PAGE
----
The 16th Annual L'Oréal-UNESCO For Women in Science Awards were held at the Sorbonne in Paris last week (March 19) before an audience of personalities from the worlds of science, economics, academia and culture.
Five outstanding researchers were awarded the L'Oréal-UNESCO prize by Irina Bokova, Director-General of UNESCO, Jean-Paul Agon, Chairman and CEO of L'Oréal and Chairman of the L'Oréal Foundation, and Professor Günter Blobel, Winner of the Nobel Prize for Medicine and President of the Jury.
The five laureates, awarded for their contributions to change the world, support future talent and encourage scientific vocations, were Professor Brigitte Kieffer from University of Strasbourg, Professor Laurie Glimcher from Weill Cornell Medical College in New York, Professor Cecilia Bouzat from the National Scientific and Technical Research Council (CONICET) in Buenos Aires, Professor Kayo Inaba from Kyoto University, and Doctor Segenet Kelemu, Director General of the International Center for Insect Physiology and Ecology in Nairobi.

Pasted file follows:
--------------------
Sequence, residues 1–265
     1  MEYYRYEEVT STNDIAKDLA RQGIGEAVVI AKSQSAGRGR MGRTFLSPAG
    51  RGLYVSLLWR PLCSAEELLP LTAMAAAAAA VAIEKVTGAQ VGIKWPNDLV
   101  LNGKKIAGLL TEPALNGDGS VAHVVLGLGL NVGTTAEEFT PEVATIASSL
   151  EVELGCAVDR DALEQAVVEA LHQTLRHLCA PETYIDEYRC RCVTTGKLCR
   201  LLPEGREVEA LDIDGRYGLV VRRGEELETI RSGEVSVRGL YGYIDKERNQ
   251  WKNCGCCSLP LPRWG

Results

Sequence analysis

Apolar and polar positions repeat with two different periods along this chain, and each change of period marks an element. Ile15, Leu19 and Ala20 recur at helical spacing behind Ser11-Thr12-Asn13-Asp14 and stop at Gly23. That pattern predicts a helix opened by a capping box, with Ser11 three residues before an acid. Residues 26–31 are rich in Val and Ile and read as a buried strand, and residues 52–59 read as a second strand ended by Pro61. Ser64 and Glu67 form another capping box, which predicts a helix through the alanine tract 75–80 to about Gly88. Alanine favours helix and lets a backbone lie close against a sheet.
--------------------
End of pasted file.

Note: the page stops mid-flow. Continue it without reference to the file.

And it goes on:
Doctor Segenet was honored for her research on how microorganisms living in symbiosis with forage grasses can improve their capacity to resist disease and adapt to environmental and climate change. Her work is providing new solutions for ecologically responsible food crop production especially by local, small-scale farmers.
The Director-General of UNESCO, Irina Bokova, said "Science and gender equality are two accelerators of development. By combining them, we can release an enormous force for the good of us all. UNESCO said in a statement that "Brilliant, creative and passionate, these women all boast a career that demands admiration.
Their discoveries have already led to concrete applications in the areas of neurobiology, immunology and ecology". The L'Oreal-UNESCO For Women in Science program, started 16 years ago, has identified and rewarded more than 2,000 women around the world, two of whom received the Nobel Prize in 2009. It is a benchmark for scientific excellence on an international scale and makes a major contribution to the creation of female role models.